England's pool of batting talent is smaller than 15 years ago, says Mark Ramprakash
"If you look at 15-20 years ago, there would be a lot more players scoring 1,000 runs and now you can count them on one hand, so that is an issue."
By Sam Drury
Last Updated: 10/04/18 3:18pm
Mark Ramprakash has admitted England have got less top quality batsmen to choose from than 15 years ago.
The former England batsman has worked as England's Test batting coach since November 2014 and was also with the white-ball squad for the ODIs against New Zealand this winter.
Having also acted a head coach of the South team in the North-South series, Ramprakash has worked with a number of the next generation of English batsmen and while he is adamant that the talent is there, the depth is not what it was.
"I'm very confident that there are a lot of talented players around," he told Sky Sports Cricket.
"You only have to look at the Lions team that was in West Indies and although they struggled and lost those games, with people like Haseeb Hameed, Keaton Jennings, Nick Gubbins, Joe Clarke, Liam Livingstone there are many very good players with real talent.
"Trevor Bayliss has said that he wants competition for places and therefore they have to come back into the English season and stack up the runs in county cricket.
"If you look at the stats compared to five, 10 or 15 years ago, we just do not have the number of players getting a lot of runs in four-day cricket. So if you look at 15-20 years ago, there would be a lot more players scoring 1,000 runs and now you can count them on one hand, so that is an issue."
Ramprakash is also very clear on the reason for this relative dearth of viable alternatives to those currently occupying Test berths.
"I think it's very simple, it is the emergence of a very popular white-ball game where the ball doesn't really move around that much and a lot of our best talents are shifting towards prioritising white-ball cricket," he said.
"The skills that you need to be successful in red-ball cricket take longer perhaps to learn and our pool of talent is probably less than it was years ago. [But] I still think that the Lions and that group that toured, there are a lot of very talented players."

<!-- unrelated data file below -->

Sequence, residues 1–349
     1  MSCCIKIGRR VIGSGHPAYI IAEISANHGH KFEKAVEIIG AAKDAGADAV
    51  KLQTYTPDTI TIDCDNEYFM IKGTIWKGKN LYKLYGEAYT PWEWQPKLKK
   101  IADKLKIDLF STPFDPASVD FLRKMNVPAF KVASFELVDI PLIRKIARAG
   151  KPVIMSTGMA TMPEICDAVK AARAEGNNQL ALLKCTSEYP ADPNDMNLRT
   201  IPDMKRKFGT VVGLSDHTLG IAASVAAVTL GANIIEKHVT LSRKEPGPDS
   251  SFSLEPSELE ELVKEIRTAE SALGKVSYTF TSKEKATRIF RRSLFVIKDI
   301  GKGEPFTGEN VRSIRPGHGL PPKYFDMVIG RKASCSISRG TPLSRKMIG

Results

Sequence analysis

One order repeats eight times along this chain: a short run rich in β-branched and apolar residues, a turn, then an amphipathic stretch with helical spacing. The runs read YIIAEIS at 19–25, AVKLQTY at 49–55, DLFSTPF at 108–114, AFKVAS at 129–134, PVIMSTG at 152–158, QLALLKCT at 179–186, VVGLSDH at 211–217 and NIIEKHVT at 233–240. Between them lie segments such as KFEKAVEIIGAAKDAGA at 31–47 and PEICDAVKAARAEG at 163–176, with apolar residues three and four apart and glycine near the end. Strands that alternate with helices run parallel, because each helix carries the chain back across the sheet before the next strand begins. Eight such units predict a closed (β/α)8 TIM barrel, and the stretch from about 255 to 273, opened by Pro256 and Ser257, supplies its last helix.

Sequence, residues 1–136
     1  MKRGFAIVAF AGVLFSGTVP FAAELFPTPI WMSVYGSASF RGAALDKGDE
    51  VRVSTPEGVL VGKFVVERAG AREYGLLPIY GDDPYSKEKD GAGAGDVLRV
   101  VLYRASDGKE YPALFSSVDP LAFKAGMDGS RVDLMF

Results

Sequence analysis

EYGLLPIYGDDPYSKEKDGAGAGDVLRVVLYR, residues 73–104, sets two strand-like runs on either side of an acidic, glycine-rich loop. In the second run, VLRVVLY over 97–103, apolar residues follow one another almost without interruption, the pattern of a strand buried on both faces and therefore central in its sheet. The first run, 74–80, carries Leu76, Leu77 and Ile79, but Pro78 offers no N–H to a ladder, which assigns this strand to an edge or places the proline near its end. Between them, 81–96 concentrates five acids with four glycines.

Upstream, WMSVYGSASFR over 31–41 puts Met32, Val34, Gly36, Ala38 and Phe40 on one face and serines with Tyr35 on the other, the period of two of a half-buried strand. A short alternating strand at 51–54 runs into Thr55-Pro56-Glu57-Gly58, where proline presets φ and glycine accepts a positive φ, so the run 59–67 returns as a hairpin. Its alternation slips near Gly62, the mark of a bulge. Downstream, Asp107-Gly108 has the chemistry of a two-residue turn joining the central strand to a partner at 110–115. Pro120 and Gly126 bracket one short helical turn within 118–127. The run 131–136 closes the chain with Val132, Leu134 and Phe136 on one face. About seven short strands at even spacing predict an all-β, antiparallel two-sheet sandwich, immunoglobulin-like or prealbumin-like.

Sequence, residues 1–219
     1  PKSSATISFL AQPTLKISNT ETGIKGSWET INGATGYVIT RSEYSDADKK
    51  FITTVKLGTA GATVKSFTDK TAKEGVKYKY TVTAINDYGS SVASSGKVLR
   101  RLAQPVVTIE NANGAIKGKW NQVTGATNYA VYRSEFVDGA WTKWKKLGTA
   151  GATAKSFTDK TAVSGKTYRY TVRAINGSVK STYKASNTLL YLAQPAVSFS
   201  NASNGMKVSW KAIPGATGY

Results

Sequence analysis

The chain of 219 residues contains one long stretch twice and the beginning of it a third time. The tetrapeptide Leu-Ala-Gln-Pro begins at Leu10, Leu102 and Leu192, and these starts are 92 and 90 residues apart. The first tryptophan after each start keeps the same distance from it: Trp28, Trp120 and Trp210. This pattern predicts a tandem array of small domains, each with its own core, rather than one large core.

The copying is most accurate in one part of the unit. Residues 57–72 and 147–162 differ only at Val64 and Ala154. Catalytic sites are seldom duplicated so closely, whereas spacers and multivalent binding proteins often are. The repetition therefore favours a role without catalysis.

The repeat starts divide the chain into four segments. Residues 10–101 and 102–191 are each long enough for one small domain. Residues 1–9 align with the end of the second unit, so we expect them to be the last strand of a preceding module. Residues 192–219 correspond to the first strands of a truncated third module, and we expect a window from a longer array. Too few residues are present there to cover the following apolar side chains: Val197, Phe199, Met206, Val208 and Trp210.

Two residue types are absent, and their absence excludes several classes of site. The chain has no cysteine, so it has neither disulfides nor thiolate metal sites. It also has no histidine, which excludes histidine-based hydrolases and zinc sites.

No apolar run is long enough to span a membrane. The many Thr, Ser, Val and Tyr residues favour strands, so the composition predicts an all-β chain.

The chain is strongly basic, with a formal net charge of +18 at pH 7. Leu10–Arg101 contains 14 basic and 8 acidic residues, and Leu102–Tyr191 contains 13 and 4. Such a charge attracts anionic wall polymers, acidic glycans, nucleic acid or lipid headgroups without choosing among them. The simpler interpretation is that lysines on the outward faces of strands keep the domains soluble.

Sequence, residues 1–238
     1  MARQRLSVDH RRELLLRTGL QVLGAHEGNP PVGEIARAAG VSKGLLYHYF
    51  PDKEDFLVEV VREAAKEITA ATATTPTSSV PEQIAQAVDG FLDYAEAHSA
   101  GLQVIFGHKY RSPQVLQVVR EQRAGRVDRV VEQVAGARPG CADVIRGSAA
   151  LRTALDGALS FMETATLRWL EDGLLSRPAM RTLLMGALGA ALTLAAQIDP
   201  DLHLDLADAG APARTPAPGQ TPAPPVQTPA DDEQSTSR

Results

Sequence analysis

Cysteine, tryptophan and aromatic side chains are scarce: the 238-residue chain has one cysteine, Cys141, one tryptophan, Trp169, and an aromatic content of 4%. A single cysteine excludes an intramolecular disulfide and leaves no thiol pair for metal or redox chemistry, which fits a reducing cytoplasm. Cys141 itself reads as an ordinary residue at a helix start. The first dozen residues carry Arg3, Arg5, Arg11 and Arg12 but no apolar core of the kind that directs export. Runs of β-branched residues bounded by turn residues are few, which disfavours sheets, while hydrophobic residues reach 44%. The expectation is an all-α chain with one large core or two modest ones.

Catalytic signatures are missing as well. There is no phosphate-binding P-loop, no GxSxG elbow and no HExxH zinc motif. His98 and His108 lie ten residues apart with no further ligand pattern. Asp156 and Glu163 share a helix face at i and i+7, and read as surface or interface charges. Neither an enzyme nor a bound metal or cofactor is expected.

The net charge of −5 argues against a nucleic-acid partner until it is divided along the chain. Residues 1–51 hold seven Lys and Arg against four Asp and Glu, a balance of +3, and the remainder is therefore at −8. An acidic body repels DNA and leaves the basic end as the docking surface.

The issue is exemplified by as many as 12 England players choosing to take up offers out in India to play in the IPL and therefore miss a significant chunk of the County Championship season.
It is a conundrum England have faced since the IPL's inception but the landscape has changed significantly since the days of Kevin Pietersen and the ECB butting heads over his participation and, despite the implications for the red-ball game, Ramprakash certainly does not see a stint in the IPL as a negative for English players, even if their playing time is limited.
"The main thing is that they're playing with and against lots of players from all over the world," he said. "So therefore, there is a real sharing of knowledge and skills and also a breaking down of any sort of barriers, if you like.
"Having players like Moeen Ali, Chris Woakes, Jos Buttler, Ben Stokes over there, they'll be learning from other top players and experiencing cricket on Indian pitches. That is one thing but probably the main thing is just interacting with other world-class players.
"I suppose even though he didn't play in the matches [last year], someone like Chris Jordan is still picking up very good experience by watching and talking to both his team-mates and also opposition players, different coaches with different ideas.
"You see can see how other players react in highly pressurised environments. If you play, great, but even if you're not I still think it is well worth the experience."
Therein lies the problem for the England management. By allowing some of their top talents to reap the rewards - both financial and technical - of playing in the IPL, the white-ball side continues to flourish but quite possibly to the detriment of the Test team.